Miscellaneous Ramblings

Cabrio a Simple, Compact, Free MP3 Player Ideal For Older Macs

Charles Moore - 2002.11.18 - Tip Jar

There are a lot of choices available in MP3 players, including, of course, Apple's own iTunes, which is wonderful. I especially like its ability to play my extensive MIDI collection of classical stuff as well as MP3s.

However, iTunes, even the older versions, requires OS 9.x, and my daughter's PowerBook 1400 is running OS 8.6. Enter Melonsoft's Cabrio - a cool little freeware application that takes up an extremely small amount of screen real estate and demands very little memory. It's ideal for an older Mac like the 1400.

Cabrio default skin
Cabrio's default skin

Cabrio allows you to have music playing in the background during even the most memory hogging tasks. If you get tired of the attractive brushed blue default interface, there are eight other bundled alternative interface "skins" included in the standard installation, or you can download a new skin from the SkinCity or create your own with Cabrio's Skinventor.

Bundled alternatives include CABRIOSX, ChromeSkin, Cindy Margolis Skin, Deep Salmon, Gigaflop, Green Monster, Long John Silver, and MelonLogo.

Most of the interface skins are quite compact. When you are working with an 11.4" screen, you appreciate economical use of pixel space.

The application itself is only 2.1 MB, and it will run with a modest 4035k of memory (with virtual memory on), although 5035 k is the recommended default.

Cabrio uses the Subband Millennium MP3 playback engine, which claims full skip protection - and that seems to work. I have not noticed any skips running Cabrio on the PowerBook 1400.

Cabrio's playlist is minimalist compared with iTunes, but it does the job. You can add selections to the playlist by opening them, by dragging icons into the Playlist folder, or using the button in the playlist window, and they are listed in the order they're added. To access the playlist, there is a handy pulldown menu on the interface window.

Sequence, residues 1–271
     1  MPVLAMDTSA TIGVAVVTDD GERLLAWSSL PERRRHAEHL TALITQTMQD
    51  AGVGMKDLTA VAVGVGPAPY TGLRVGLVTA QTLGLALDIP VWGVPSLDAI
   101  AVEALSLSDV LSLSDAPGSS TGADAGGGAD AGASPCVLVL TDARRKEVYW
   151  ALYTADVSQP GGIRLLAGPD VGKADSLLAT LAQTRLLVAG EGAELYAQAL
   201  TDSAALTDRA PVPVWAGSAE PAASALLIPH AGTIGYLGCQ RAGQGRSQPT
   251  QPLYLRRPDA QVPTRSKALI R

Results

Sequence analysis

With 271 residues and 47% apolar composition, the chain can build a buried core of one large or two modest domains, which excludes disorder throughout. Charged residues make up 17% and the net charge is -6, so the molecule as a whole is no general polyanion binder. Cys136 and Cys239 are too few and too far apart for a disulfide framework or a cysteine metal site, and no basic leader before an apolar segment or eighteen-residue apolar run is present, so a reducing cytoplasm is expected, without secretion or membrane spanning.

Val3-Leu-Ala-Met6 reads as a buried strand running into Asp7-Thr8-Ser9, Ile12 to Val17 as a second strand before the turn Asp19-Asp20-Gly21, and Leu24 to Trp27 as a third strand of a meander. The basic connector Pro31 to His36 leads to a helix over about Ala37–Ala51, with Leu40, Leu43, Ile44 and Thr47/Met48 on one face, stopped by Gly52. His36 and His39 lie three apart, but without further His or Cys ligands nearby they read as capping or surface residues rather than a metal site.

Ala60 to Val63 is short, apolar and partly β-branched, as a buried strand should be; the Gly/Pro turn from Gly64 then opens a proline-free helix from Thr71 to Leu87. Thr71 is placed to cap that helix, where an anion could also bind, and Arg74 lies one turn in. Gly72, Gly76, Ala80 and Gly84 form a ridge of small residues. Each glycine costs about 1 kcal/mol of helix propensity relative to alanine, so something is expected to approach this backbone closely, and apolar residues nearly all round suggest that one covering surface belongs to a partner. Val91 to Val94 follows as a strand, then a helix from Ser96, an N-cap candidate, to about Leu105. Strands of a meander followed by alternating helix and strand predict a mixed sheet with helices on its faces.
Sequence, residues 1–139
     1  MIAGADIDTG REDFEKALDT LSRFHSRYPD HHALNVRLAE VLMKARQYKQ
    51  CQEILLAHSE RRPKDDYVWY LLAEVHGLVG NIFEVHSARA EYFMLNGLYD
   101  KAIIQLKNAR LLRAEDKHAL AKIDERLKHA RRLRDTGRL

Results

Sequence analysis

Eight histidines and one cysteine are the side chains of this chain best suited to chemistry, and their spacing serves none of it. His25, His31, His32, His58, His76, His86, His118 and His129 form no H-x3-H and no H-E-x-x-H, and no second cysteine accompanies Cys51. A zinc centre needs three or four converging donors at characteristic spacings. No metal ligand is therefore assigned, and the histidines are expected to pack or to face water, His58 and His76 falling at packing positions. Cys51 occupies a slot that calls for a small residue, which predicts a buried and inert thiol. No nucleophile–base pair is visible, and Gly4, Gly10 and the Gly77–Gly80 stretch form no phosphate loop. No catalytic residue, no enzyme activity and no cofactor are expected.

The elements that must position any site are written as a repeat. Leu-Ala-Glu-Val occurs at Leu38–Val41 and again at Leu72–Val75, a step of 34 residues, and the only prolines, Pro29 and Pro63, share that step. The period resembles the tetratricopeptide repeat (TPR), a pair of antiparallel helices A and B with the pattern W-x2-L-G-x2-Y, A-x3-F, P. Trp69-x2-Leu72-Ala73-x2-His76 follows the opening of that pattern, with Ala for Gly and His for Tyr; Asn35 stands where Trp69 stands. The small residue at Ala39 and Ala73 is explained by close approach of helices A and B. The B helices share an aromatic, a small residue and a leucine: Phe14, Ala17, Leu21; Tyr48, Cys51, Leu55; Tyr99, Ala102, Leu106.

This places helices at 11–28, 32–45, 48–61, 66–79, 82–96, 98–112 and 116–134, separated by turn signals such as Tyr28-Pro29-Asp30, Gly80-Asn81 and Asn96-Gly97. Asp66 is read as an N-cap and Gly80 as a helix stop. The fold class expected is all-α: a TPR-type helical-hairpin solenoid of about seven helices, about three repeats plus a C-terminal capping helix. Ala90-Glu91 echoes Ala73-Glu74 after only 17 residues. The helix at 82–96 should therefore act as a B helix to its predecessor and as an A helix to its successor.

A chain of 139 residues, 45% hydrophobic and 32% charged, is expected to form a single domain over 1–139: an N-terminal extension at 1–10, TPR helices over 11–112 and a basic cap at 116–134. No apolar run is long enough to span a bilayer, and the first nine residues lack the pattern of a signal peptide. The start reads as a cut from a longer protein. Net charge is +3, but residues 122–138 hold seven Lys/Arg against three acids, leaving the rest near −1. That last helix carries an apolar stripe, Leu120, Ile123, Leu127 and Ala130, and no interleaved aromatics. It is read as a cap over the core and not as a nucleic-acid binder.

There are several playback options in the Preferences, as well as a Sleep control panel.

Stuff you have to get along without when using Cabrio includes things like a track progress bar and fast forward and rewind controls. And, of course, no wave form monitor or graphic equalizer. This is a small program that does one thing well - play back MP3s without a lot of RAM or screen real estate demands. This makes it ideal for use on lower-powered, RAM-challenged, legacy Macs like Deirdre's 1400/133.

Saint Louis, Missouri based Melonsoft was originally started in March 2000, as Melonhead Software, a one man Macintosh development team consisting of Ryan Staake. Its two initial entries into the Mac freeware market, ShuffleWorx and PicPocket, were crude at best. Still, these two applications seemed to strike a chord with many users and gave Ryan the knowledge and insight needed to begin development of Cabrio.

Staake began design and development of Cabrio in August 2000. Six months of coding and testing later, Cabrio was released to the Macintosh community as a totally free player. It quickly gained praise for its simplicity, ease-of-use, and stylish design. Hundreds of skins created by the newly hooked Cabrio users were posted and distributed via SkinCity, a depository consisting entirely of Cabrio skins maintained by Melonsoft.

Cabrio Features:

  • Simple, stylish, compact interface
  • Drag and Drop simplicity
  • Powerful playlist window
  • Customize with skins
  • Reads ID3 info
  • Alternate popup playlist menu
  • Sleep Timer built-in
  • Scrolling track info with custom speeds

System requirements: System 7.5 or higher and a PowerPC processor

Got OS X? Melonsoft has developed Cabrio X, a stable version of Cabrio that runs natively on Apple's new operating system. You can find both it and the Classic version of Cabrio one the Melonsoft website.

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Charles Moore has been a freelance journalist since 1987 and began writing for Mac websites in May 1998. His The Road Warrior column was a regular feature on MacOpinion, he is news editor at Applelinks.com and a columnist at MacPrices.net. If you find his articles helpful, please consider making a donation to his tip jar.

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